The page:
“according to the proportion of faith”–This phrase as used here is related to the “measure of faith” (v. 3).  It signifies according to the proportion defined by faith.

            PROPORTION:  (Grk.–analogia)–This Greek word is used nowhere else in the N.T. The word really applies to mathematics, and means the ratio or   proportion which results from comparison of one number or magnitude with another.

            In a large sense, it denotes the measure of anything.  But this is not its meaning here, for here it means the measure, or the amount of faith bestowed on them.   In verse 3 Paul was exhorting them to “think soberly, according as God hath dealt to every man the measure of faith.”
          The “measure of faith,”  (12:3), and the “proportion of faith” (12:6), do not seem to relate to the degree of any gift considered in itself, but rather in the relation and proportion which it bore to the gifts of others.  It is plain that Paul is here exhorting every man to keep soberly within his own sphere.  It is natural to suppose that the new converts might be puffed up with the several gifts that were bestowed upon them; and every one might be forward to magnify his own to the disparagement of others.  Paul advises them to each keep within his proper sphere; to know and observe the just measure and proportion of the  gift entrusted to him, not to gratify his pride but to edify the Church.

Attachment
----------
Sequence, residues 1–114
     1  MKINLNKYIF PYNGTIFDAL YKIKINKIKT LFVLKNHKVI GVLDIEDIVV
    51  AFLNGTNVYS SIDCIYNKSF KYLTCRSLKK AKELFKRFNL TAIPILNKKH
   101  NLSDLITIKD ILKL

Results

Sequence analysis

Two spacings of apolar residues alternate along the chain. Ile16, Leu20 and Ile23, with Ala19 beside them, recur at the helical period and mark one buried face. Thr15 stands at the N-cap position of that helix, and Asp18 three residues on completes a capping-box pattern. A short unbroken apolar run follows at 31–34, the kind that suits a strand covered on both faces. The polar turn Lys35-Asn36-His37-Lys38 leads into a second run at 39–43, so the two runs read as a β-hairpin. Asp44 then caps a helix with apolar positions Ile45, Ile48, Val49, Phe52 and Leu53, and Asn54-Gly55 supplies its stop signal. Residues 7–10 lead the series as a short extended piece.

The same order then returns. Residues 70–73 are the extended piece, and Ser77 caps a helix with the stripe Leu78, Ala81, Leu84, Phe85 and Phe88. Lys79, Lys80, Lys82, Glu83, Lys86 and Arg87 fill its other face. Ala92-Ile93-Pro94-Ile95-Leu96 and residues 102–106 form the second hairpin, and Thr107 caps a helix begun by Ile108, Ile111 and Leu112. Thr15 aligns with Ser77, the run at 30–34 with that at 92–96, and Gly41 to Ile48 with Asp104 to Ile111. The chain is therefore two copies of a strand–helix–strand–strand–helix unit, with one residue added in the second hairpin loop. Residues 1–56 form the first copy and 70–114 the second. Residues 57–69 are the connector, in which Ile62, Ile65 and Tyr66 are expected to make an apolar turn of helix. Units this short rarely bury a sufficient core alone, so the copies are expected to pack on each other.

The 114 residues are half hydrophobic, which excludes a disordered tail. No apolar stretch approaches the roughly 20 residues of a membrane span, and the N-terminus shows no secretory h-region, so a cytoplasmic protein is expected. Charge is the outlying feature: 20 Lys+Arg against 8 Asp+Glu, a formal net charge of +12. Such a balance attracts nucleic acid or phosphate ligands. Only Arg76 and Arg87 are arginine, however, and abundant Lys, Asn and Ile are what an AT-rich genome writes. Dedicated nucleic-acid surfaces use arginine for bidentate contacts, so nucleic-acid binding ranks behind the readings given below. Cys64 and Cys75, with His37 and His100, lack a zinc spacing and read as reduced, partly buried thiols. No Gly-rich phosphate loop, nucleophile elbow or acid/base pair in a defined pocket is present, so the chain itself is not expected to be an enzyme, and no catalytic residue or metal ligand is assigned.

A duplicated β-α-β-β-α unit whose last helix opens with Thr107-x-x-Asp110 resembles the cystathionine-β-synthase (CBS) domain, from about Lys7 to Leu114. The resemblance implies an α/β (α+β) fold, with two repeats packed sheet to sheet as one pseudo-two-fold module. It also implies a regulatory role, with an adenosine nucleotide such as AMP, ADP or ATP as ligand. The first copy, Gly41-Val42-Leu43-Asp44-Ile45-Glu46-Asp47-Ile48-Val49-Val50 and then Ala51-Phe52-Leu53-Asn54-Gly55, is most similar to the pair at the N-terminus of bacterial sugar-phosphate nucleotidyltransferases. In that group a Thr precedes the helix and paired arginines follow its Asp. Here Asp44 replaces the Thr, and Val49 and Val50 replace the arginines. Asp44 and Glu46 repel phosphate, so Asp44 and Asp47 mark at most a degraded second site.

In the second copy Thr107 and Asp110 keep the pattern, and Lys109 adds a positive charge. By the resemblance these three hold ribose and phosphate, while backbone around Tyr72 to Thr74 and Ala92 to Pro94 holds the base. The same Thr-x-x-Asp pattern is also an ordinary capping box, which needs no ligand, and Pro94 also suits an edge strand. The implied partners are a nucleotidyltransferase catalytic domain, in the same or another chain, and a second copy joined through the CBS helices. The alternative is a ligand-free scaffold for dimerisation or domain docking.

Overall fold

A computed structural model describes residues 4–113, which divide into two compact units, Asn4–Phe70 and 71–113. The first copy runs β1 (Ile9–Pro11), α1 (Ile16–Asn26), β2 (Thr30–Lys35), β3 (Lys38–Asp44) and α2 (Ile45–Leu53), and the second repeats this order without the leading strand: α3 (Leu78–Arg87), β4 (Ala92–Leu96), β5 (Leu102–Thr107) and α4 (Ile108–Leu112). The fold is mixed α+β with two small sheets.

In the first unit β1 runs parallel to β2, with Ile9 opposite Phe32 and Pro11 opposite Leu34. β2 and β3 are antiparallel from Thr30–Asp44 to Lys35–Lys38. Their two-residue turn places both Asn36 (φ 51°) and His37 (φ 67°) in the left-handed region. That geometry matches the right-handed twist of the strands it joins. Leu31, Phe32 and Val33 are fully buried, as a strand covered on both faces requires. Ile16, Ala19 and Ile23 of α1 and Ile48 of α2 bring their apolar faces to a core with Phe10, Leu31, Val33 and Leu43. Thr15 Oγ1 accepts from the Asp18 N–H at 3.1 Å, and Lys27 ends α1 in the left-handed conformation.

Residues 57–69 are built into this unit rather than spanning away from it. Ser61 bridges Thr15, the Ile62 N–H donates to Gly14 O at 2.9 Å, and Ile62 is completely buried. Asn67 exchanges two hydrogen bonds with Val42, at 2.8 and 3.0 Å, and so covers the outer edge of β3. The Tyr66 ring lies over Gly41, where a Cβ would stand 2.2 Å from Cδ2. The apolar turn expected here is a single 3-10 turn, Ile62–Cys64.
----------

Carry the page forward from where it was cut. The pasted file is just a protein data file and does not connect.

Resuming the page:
FAITH: (Grk.–pisteōs)–This word as used here evidently does not mean the truths of the Bible elsewhere revealed; nor their confidence in God; nor their personal faithfulness;     but the extraordinary endowment bestowed on them by the gifts of prophecy.

They were to confine themselves strictly to that; they were not to usurp the apostolic authority, but they were to confine themselves strictly to the functions of their office according to the measure of their faith, i.e. the extra-ordinary endowment conferred on them.  And it is clear that we are to regard our spiritual gift as a gift of and for God; and to exercise them in subordination to His appointment; and to seek to employ them in the manner, the place, and to the purpose that shall be according to His will.  We are to employ them in the purpose for which God gave them; AND FOR NO OTHER.